The Senate voted yesterday to forbid the use of federal funds to pay for abortions, except where pregnancy would endanger the life of the mother, or was deemed "medically necessary" by the woman's doctor, or had been caused by rape or incest.
The words "medically necessary" were written in by Sen. Edward W. Brooke (R-Mass.) after a long series of votes in which the Senate sought to define exemptions more clearly.
Richard S. Schweiker (R.Pa.) called the "medically necessary" term a "barn-door loophole" because he said it would allow any doctor to decide that a woman needed an abortion on any physical or psychological grounds, without guidelines being spelled out.
Adoption of the Brooke language came after the Senate rejected, 56 to 42, a move by Robert W. Packwood (R-Ore.) to kill the entire anti-abortion section and allow continued funding of abortions under the Medicaid program without restriction.
After defeat of the Packwood move, Brooke offered his "medically necessary" language as a substitute for several specific exemptions recommended by the Appropriations Committee.
It was adopted, 56 to 39, despite further complaints from abortion foes that the concept "medically necessary" was so broad and permissive that it almost nulllified the anti-abortion language in the rest of the provision.
The House on June 17 voted to ban federal funding of all abortions - without any of the exceptions allowed by the Senate provision - as part of the $60.6 billion funding bill for the Departments of Labor and Health, Education and Welfare. The Senate vote makes it certain that the final bill will contain an anti-abortion provision in the fiscal year beginning Oct. 1. But the precise scope of the final cutoff must be worked out in a House-Senate conference.
Neither the House nor Senate language forbids a woman to have an abortion under non-government auspices, as long as she pays for it herself. The language applies only to federal funding of abortion under Medicaid programs for low-income women.
Emotions on the issue, already deeply inflamed by religious and ethical questions, were heightened by a Supreme Court decision earlier in the day which seemed to indicate that Congress can constitutionally refuse to finance abortions under Medicaid. A congressional ban on Medicaid funding of abortions, voted last year, had been held in abeyance by the courts.
Jake Garn (R-Utah) asserted angrily that abortion "is the taking of human life."
Jesse Helms (R-N.C.) called abortion "deliberate termination of an innocent human life . . . A requirement that taxpayers furnish the money to terminate innocent human life . . . killing a group of human beings. . . . I don't think she [a pregnant woman] should have the right to use tax funds to terminate another life for her convenience."
Packwood, who attempt to strike out the anti-abortion league but lost, said the ban would in practice rob low-income women of the right to choose whether to have an abortion, because they can't afford it privately. It would be a case of "one section of the country that holds strong feelings imposing it morality on others . . . a disdainful, haughty arrogrance that shouldn't demean this Congress . . . It is not the business of a government to put its particular stamp of morality on abortion."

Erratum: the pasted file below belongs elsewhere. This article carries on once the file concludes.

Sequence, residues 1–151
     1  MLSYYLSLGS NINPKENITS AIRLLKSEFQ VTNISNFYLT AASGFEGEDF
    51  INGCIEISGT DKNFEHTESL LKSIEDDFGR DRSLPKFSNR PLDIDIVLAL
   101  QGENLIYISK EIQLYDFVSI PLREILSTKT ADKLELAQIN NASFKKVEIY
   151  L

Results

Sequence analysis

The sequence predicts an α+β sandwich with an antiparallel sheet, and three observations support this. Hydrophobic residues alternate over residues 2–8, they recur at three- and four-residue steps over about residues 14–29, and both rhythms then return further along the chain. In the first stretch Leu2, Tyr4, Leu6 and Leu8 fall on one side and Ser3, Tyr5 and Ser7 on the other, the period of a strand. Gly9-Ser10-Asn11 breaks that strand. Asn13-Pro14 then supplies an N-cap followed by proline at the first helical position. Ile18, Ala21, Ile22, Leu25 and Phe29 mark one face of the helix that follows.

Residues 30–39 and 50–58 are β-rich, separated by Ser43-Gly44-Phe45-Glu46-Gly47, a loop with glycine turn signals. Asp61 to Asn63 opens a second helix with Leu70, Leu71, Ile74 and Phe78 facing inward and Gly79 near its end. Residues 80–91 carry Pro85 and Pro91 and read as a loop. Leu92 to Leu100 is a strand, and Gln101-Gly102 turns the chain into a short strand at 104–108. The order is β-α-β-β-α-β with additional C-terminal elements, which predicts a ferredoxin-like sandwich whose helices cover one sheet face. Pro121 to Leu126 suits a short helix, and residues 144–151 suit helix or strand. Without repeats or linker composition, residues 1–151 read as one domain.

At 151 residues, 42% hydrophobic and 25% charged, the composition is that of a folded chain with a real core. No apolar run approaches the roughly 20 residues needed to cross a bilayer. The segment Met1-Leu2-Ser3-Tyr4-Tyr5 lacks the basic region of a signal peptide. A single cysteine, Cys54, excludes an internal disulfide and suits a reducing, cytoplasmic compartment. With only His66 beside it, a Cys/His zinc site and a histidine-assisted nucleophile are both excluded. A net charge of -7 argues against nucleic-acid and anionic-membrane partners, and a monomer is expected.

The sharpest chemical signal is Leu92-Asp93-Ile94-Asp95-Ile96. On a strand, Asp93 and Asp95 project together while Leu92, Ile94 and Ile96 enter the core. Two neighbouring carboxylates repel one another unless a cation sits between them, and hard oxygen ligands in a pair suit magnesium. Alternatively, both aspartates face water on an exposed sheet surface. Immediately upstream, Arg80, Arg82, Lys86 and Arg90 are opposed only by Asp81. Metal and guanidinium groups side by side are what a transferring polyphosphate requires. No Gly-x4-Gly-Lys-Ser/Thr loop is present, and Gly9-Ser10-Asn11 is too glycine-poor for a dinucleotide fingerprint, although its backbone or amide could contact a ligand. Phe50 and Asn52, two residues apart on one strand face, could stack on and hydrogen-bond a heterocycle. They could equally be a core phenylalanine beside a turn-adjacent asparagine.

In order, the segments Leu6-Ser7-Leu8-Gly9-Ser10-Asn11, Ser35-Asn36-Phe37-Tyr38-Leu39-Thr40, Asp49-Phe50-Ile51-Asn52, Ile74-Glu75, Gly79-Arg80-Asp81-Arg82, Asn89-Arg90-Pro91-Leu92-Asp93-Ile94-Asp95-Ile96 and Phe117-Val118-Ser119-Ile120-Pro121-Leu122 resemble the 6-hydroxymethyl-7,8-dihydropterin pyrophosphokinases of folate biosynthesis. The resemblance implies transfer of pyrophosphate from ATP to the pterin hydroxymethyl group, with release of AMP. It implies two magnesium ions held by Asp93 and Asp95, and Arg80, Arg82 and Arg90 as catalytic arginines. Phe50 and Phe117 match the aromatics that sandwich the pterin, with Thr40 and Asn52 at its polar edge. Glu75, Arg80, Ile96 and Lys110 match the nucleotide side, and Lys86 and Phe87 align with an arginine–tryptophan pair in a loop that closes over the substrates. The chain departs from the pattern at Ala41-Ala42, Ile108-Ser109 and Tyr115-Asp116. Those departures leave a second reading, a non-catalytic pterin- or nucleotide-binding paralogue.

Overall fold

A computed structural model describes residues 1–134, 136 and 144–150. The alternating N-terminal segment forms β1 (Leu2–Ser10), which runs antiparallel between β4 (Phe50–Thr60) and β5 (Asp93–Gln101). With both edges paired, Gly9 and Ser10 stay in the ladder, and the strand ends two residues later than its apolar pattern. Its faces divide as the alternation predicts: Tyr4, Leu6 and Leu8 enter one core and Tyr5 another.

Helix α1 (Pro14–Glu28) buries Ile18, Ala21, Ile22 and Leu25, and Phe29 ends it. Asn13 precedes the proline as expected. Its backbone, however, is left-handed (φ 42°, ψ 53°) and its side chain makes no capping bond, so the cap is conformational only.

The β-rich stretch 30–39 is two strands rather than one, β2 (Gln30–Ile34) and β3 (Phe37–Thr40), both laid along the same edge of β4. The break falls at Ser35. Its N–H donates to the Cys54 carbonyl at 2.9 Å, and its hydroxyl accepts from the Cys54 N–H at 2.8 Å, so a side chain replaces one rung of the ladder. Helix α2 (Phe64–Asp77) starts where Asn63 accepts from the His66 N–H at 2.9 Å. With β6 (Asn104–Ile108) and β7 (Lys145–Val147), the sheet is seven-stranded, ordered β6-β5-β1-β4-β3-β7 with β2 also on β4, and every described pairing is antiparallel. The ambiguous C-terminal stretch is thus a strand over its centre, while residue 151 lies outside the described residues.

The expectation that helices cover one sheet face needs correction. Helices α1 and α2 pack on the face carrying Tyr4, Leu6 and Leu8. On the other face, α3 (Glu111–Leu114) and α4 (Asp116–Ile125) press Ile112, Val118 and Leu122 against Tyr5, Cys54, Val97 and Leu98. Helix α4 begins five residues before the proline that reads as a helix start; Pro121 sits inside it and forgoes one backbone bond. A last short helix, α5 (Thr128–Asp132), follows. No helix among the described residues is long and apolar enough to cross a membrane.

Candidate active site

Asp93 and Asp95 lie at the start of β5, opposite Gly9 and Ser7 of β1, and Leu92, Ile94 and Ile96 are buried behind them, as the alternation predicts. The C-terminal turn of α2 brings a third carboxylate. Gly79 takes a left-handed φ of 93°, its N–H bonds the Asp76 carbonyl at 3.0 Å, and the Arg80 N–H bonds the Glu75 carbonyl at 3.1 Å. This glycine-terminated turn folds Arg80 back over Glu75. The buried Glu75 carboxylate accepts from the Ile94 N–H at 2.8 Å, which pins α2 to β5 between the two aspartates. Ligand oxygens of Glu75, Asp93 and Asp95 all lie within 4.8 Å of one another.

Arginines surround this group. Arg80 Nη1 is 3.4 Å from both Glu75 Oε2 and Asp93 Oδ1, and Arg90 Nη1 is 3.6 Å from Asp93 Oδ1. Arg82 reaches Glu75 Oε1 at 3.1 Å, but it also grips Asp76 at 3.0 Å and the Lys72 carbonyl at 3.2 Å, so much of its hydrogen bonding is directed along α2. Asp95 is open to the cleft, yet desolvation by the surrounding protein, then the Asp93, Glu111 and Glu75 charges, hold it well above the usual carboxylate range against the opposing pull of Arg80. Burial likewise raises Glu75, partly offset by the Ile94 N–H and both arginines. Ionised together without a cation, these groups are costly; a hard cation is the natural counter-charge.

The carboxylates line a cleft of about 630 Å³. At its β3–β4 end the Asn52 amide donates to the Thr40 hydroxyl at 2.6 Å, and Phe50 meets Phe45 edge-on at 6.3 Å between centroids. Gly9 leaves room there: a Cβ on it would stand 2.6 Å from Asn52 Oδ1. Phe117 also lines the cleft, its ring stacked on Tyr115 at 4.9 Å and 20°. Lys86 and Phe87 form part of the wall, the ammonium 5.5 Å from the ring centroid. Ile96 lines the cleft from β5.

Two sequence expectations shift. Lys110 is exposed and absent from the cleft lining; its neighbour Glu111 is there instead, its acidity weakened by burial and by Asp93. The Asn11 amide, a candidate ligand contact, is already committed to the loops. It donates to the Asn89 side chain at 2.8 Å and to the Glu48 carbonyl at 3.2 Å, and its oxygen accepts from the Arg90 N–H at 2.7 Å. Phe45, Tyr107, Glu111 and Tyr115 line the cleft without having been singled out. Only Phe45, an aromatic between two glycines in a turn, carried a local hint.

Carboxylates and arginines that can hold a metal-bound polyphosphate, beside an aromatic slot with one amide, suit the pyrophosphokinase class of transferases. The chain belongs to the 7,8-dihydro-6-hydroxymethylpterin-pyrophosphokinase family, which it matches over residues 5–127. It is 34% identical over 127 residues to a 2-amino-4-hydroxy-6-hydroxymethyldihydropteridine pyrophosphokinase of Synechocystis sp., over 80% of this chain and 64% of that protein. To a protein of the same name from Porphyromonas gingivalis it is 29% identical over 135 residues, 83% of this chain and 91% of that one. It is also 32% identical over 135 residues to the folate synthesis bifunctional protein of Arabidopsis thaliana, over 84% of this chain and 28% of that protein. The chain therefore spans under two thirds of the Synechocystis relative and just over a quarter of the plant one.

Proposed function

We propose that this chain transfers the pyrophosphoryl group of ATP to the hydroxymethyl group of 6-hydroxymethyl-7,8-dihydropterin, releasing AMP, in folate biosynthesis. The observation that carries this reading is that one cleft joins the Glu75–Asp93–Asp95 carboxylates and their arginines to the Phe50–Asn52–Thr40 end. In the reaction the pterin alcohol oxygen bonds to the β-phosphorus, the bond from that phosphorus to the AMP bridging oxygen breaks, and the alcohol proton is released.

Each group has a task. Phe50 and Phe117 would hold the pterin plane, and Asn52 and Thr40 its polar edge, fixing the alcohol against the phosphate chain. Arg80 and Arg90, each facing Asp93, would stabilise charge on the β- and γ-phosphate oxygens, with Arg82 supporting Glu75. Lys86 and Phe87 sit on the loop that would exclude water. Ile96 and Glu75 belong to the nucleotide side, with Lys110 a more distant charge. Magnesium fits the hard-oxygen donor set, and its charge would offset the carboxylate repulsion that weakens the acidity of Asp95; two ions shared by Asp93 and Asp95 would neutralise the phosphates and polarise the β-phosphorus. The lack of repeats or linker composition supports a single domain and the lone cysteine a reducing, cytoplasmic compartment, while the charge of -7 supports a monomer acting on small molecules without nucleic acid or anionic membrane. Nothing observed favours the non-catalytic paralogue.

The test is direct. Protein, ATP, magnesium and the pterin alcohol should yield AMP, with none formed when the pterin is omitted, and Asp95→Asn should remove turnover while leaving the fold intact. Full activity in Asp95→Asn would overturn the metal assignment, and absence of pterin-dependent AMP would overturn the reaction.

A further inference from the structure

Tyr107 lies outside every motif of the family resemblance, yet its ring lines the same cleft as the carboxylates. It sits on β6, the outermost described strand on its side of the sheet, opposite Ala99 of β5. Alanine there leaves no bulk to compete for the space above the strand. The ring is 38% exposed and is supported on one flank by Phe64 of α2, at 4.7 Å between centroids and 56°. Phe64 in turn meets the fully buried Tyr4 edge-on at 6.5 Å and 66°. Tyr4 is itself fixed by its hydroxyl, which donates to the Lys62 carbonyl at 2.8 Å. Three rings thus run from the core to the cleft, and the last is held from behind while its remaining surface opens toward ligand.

Brooke said, "If we do insist on denying poor women the funds for abortions, we shall not prevent abortions among poor women. We shall only be forcing them again into dangerous self-induced or back-alley abortions . . . through coat-hanger, lye, a quart of alcohol, an 'accidental' fall."
An amendment by Helms yesterday to eliminate all exceptions to the bill's anti-abortion language except the one involving danger to the mother's life was beaten overwhelmingly, 65 to 38. The Carter administration favored the Helms language, which would have been a substantially stronger ban on federally funded abortions than the language actually adopted by the Senate.
The Senate provision specifies that federal funding of inter-uterine devices and "morningafter pills," would be allowed.
Although the Senate language does permit federally funded abortions where ther is a medical need, as specified in the exemptions, it would block Medicaid abortions for the ordinary, woman who simply wants one because she chooses not to have the child. The federal government helps pay for about 300,000 abortions annually under the Medicaid program, at a cost of $50 million.
Because it was attached to an appropriations bill, the anti-abortion language voted last year expires automatically on Sept. 30. That language was identical to what Helms wanted in the bill. The question in yesterday's debate was whether to extend the ban in some form for another year in the money bill.
In last year's Senate debate, Packwood was successful in striking out all anti-abortion language though it was eventually restored in conference. Heavy lobbying by anti-abortion groups, President Carter's stand in favor of curbs on federal abortion funding and the inability of senators to shelter behind the Supreme Court and say, let's not decide until the court has ruled, influenced yesterday's outcome.